Most states, even those opposing the health law in court, appear to be working toward implementation, but Alaska has taken a different path. Meanwhile, members of Congress are looking at ways to expand some of the benefits from the law.
USA Today: Health Care Law Proceeds Even In States Fighting It
House GOP efforts to block the federal health care law from taking effect haven't deterred states from moving ahead to implement key provisions — with the help of millions of tax dollars from Washington (Kennedy, 2/18).
Reuters: Alaska Won't Seek U.S. Health Exchange Grants
Alaska Governor Sean Parnell said on Thursday his state will not apply for federal grants to establish medical insurance exchanges under the newly enacted U.S. healthcare law because a Florida judge has ruled the legislation unconstitutional. ... The sweeping healthcare bill passed by Congress and signed into law by President Obama last year calls for insurance exchanges, aimed at lowering premiums through greater competition among insurers, to be established by 2014 (Rosen, 2/17).
Bloomberg: Alaska Cites Court Ruling In Refusing Federal Health-Care Money
The Republican's decision means the state will skip today's deadline to apply for a grant that federal officials say is needed to develop exchanges where residents would be able to buy medical insurance under the new health-care law. The Patient Protection and Affordable Care Act signed by Obama in March requires citizens over 18 to obtain health coverage beginning in 2014. U.S. District Judge Roger Vinson in Pensacola, Florida, ruled that requiring such coverage exceeded Congress's power and invalidated the law last month. The decision came in a challenge brought by 26 states, including Alaska (Marois, 2/18).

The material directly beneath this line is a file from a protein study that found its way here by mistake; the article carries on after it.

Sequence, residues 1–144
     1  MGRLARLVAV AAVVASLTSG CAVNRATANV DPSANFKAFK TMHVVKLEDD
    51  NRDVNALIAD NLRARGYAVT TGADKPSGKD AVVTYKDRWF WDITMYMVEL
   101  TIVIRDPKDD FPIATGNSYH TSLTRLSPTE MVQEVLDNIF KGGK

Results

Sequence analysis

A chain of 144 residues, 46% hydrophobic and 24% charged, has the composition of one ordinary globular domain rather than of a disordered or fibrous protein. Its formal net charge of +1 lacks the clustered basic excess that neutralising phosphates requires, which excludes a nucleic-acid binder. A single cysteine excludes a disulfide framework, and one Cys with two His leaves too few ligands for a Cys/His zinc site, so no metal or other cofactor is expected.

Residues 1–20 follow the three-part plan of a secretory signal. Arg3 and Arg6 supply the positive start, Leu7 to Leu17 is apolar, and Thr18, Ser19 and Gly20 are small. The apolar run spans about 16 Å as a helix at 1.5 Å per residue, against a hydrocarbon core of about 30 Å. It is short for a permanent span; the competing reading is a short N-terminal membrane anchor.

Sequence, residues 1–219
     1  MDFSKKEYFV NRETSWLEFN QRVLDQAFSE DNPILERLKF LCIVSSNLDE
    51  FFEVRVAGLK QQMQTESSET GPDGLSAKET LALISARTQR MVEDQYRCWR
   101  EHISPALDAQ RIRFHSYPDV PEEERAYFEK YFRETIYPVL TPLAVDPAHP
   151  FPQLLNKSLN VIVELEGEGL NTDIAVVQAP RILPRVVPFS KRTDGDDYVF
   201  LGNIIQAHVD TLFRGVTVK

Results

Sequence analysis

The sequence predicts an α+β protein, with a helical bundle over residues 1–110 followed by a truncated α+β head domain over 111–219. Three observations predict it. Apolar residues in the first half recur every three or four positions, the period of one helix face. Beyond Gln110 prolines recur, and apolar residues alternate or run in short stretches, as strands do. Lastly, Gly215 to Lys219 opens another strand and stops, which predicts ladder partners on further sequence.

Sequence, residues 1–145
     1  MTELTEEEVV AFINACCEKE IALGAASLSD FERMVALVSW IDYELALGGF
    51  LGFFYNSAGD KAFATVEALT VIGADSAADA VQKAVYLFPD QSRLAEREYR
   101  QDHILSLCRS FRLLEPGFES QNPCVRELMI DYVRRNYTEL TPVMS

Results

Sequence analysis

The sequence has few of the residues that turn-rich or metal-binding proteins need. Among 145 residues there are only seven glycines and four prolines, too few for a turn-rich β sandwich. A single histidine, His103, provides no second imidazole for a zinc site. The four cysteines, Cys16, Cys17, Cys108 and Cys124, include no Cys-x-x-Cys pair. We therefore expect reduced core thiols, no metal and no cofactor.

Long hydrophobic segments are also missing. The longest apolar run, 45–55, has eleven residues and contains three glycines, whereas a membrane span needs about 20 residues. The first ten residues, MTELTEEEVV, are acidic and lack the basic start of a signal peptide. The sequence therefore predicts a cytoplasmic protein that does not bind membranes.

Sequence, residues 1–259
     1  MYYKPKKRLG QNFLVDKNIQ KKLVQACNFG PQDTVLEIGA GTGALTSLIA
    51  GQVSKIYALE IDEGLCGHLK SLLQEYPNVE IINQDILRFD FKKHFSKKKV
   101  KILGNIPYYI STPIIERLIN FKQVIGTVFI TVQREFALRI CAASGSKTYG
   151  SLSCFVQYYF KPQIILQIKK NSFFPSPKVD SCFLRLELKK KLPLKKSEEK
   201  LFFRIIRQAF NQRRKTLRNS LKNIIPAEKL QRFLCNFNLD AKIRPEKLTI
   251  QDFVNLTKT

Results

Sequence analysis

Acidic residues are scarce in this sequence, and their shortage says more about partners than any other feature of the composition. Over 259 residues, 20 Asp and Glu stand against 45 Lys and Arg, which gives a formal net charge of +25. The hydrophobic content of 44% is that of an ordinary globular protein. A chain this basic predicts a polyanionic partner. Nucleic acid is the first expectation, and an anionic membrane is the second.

Associated Press: Alaska Governor Refusing To Enact Health Care Law
It's not immediately clear what practical impact the unusual move would have on Alaskans, an estimated 14 percent of which are uninsured year-round. A major expansion of the federal law is still pending, and a legal expert and health care consumer advocate say any refusal by the states to participate in the law is an invitation to the federal government to step in and implement it for them (2/17).
CQ HealthBeat: Members Of Congress Vow Bipartisan Push To Extend FSAs To Military
Flexible spending accounts are not available to one large group of employees in U.S. society — members of the military. California Democratic Sen. Barbara Boxer, who's been trying for years to change that situation, said Thursday that the Pentagon has resisted implementing the accounts despite direction from Congress. ... The accounts, commonly known as FSAs, allow civilian workers to choose how much pretax money they want to set aside at the beginning of the calendar year for health care or child care expenses or both. The employer deducts the money from the employee’s paycheck and the worker gets reimbursed for eligible expenses. At the end of each year any money left in the accounts revert back to the employer (Norman, 2/17).